By: Richard Ruvelson
I am taking this opportunity to pass on information gleaned from the Nonprofit Law Prof blog dated July 13, 2015. It is reassuring to know that, even during contentious times at the beginning of a presidential-election campaign, bipartisanship still exists. This particular blog addressed the July report of the Senate Finance Committee’s Business Income Tax Bipartisan Tax Working Group Report (the Report). The blog addressed several issues in the report that directly affect tax-exempt organizations and currently have some level of bipartisan support. I wanted to pass on information about two of these issues:
- Setting one rate for the Internal Revenue Code Section 4940 private-foundation excise tax based on investment income
- Requiring electronic filing of all Form 990 series returns by tax-exempt organizations
Internal Revenue Code Section 4940
With respect to the IRC Section 4940 excise tax on private-foundation investment income, current law imposes a two-tier tax of 1-2 percent on the net investment income of a private foundation. The tax is 1 percent if in any year in which a foundation’s charitable distributions (grants and expenses related to making them) exceeds the average of the foundation’s prior five years’ grants and related expenses.
The America Gives More Act, H.R. 644 passed by the House in February 2015 creates a one-rate tax at 1 percent, and the President’s Budget for Fiscal Year 2016 proposes one rate of 1.35 percent. There is agreement that the tax be set at just one rate; the issue is the rate itself.
Currently, small tax-exempt organizations, public charities and other tax-exempt organizations – not including private foundations – with annual gross receipts of less than $50,000 are required to file Form 990-N (the e-Postcard) on or before the 15th day of the fifth month following their yearend.
Large tax-exempt organizations are required to file Form 990 or Form 990-PF electronically, if their total assets exceed $10 million and they file at least 250 returns annually. For this purpose returns includes income, excise, employment tax and information returns. Upon receipt of a manually filed Form 990, 990-PF or 990-EZ the IRS scans the return and provides them to the public by providing DVDs with many returns.
Last year’s Camp Proposal (the Tax Reform Act of 2014) and President Obama’s FY 2016 budget both provide that all tax-exempt organizations file the applicable Form 990, 990-EZ or form 990-PF electronically. In the words of Business Income Tax Bipartisan Working Group Report, “This manual conversion process is inefficient, expensive and delays access to information. In order to increase transparency and accuracy and reduce fraud, the committee should examine proposals that require all nonprofits to file their Form 990s electronically.”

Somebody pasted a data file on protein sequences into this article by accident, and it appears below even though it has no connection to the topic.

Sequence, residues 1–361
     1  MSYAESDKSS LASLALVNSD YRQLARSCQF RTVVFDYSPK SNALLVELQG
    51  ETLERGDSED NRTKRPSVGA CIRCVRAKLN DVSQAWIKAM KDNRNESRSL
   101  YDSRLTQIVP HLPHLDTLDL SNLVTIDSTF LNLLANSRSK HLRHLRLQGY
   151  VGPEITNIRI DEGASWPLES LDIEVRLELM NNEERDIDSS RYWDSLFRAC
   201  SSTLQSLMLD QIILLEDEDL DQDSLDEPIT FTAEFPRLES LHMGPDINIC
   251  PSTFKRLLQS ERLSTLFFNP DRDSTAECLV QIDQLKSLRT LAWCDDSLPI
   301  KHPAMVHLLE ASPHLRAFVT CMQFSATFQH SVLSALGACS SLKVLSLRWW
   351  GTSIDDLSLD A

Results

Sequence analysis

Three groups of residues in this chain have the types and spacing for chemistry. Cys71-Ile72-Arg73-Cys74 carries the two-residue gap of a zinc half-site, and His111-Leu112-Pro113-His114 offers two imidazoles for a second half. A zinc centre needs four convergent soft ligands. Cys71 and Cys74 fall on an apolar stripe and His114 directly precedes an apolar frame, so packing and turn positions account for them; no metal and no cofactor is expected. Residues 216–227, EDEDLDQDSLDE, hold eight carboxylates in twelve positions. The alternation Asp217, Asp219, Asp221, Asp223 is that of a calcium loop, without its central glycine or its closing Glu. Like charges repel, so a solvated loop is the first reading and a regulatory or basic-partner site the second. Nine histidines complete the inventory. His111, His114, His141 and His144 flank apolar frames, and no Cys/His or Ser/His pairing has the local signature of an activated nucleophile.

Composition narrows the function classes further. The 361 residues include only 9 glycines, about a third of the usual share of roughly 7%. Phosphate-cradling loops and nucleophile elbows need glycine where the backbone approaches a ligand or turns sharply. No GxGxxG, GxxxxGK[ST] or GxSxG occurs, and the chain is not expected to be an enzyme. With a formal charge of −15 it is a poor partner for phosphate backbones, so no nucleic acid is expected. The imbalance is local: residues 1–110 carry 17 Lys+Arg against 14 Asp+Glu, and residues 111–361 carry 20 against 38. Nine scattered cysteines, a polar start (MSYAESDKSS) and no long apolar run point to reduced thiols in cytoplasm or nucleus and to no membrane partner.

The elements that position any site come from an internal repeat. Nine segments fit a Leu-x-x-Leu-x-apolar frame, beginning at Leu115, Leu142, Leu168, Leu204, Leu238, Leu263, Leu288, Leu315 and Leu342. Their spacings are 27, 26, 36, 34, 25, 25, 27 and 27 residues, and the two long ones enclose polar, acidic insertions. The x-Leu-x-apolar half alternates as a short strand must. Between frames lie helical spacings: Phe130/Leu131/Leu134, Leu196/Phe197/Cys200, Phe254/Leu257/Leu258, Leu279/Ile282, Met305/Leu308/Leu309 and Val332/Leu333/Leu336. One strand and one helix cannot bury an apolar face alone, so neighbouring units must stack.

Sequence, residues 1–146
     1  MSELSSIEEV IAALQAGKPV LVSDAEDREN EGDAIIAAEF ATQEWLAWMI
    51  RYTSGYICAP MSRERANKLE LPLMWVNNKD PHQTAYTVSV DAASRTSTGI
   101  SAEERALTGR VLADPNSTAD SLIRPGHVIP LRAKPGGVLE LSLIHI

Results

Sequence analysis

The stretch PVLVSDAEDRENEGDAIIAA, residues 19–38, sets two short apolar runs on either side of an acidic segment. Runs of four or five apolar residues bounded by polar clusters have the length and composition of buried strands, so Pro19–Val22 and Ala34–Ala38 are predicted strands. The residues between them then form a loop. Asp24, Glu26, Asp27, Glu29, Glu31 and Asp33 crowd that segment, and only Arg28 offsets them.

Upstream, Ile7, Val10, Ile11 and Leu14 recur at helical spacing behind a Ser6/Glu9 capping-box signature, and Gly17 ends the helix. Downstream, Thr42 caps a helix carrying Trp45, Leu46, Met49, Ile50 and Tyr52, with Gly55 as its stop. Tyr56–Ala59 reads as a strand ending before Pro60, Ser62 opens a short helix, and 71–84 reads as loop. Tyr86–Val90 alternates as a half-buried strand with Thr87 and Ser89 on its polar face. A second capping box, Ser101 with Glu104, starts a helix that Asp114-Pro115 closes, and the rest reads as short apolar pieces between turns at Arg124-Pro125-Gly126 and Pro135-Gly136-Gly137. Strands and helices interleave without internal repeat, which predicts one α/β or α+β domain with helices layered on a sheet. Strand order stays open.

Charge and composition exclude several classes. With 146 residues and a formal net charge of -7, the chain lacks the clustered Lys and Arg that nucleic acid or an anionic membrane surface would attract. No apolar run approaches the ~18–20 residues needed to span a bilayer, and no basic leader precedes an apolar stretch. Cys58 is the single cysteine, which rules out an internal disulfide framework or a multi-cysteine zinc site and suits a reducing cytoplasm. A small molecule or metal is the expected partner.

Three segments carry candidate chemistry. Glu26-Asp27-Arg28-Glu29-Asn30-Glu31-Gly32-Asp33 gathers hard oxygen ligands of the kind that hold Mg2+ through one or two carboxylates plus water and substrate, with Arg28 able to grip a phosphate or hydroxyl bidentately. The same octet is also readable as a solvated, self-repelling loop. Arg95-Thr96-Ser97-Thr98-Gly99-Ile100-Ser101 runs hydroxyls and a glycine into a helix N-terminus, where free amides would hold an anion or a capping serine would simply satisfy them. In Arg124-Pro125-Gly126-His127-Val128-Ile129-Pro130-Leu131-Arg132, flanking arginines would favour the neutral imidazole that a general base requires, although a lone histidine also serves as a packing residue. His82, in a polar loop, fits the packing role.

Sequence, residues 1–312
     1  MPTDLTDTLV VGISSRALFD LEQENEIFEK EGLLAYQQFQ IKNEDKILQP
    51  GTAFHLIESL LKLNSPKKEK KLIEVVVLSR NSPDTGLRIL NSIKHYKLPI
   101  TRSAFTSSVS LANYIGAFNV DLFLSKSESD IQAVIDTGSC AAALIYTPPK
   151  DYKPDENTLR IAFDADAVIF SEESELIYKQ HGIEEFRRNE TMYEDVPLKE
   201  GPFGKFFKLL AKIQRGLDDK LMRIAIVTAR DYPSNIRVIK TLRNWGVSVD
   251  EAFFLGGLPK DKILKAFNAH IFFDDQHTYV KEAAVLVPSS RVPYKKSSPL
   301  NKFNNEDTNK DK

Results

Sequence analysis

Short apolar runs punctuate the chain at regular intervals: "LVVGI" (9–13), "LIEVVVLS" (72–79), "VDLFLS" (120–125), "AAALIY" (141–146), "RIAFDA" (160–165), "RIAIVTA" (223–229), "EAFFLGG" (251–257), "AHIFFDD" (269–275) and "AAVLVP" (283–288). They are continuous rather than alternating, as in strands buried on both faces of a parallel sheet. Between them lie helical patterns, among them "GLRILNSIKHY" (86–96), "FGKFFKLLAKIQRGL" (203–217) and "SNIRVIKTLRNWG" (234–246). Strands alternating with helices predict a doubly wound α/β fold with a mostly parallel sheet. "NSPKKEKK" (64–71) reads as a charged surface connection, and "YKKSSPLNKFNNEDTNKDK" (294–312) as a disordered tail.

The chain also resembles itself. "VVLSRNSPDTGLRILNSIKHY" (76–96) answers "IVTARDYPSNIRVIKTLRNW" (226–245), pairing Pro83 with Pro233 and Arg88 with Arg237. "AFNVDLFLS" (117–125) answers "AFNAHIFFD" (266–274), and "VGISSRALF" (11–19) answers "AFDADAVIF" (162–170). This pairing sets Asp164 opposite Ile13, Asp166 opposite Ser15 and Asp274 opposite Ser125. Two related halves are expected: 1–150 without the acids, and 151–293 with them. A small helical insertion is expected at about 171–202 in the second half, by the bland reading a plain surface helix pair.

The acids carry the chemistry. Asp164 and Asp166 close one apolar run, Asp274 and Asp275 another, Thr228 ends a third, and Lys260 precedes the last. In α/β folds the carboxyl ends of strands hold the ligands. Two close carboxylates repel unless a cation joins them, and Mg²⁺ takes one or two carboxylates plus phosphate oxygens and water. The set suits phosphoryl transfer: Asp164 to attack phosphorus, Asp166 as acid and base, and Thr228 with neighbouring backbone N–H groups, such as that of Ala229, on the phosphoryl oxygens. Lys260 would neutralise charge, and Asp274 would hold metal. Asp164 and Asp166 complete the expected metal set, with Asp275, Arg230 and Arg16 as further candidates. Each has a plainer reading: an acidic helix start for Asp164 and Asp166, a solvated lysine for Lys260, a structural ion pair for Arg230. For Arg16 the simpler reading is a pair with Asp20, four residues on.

More on the Report
Other issues discussed in the Report include:
- Expanding declaratory judgment relief from the IRS to all entities applying for tax exemption under IRC Section 501(c). Currently such relief is available only to organizations applying for tax exemption under IRC Section 501(c)(4).
- Making the enhanced deduction for food inventory donations permanent. In February 2015, the House of Representatives passed such legislation in The America Gives More Act of 2015 (H.R. 644). The Senate Finance Committee included an extension of this provision, retroactive to Jan. 1, 2015 and applicable through Dec. 31, 2016 in its bill to extend a number of expired tax provisions, which was approved by the committee on July 21. Legislation has also been introduced in the Senate that would make the provision permanent.
- Providing tax relief to businesses and individuals in disaster areas that would be triggered once a disaster is declared. These provisions are important and may affect the year in which contribution deductions for certain relief efforts may be taken, as well as private-foundation excise tax relief. Currently such relief is primarily the result of separate legislation, which can cause disparate relief for the victims of different disasters, as well as uncertainty and issues relating to timeliness.
Another area for bipartisan agreement, which for some reason was not addressed in the Report, is our GHJ Nonprofit Conference on Sept. 10, 2015. The conference’s theme is “the nonprofit leaders’ journey from ordinary to extraordinary: tell me something I don’t know.” We won’t be talking audits or taxes for a change, but our speakers and panelists will be talking about how to take your organizations to new heights, strengthen relationships with stakeholders and elevate your cause to the next level. All parties should agree on the great program we have put together. We hope to see you there!
About Richard Ruvelson (principal at GHJ)
Richard has 30 years of experience in providing nonprofit tax services. He has worked closely with clients on a wide range of nonprofit issues including tax exemption, unrelated business income tax, charitable giving and substantiation, independent contractor issues and Form 990 reporting. He has also taught for industry and trade groups both locally and nationally and currently teaches Form 990: Basics and Form 990-PF: Private Foundation Basics for the CalCPA Education Foundation. He has served as an adjunct professor at Wichita State University’s Barton School of Business and the University of Minnesota’s Carlson School of Management. Rich is also on the Board of Directors of Inner City Law Center.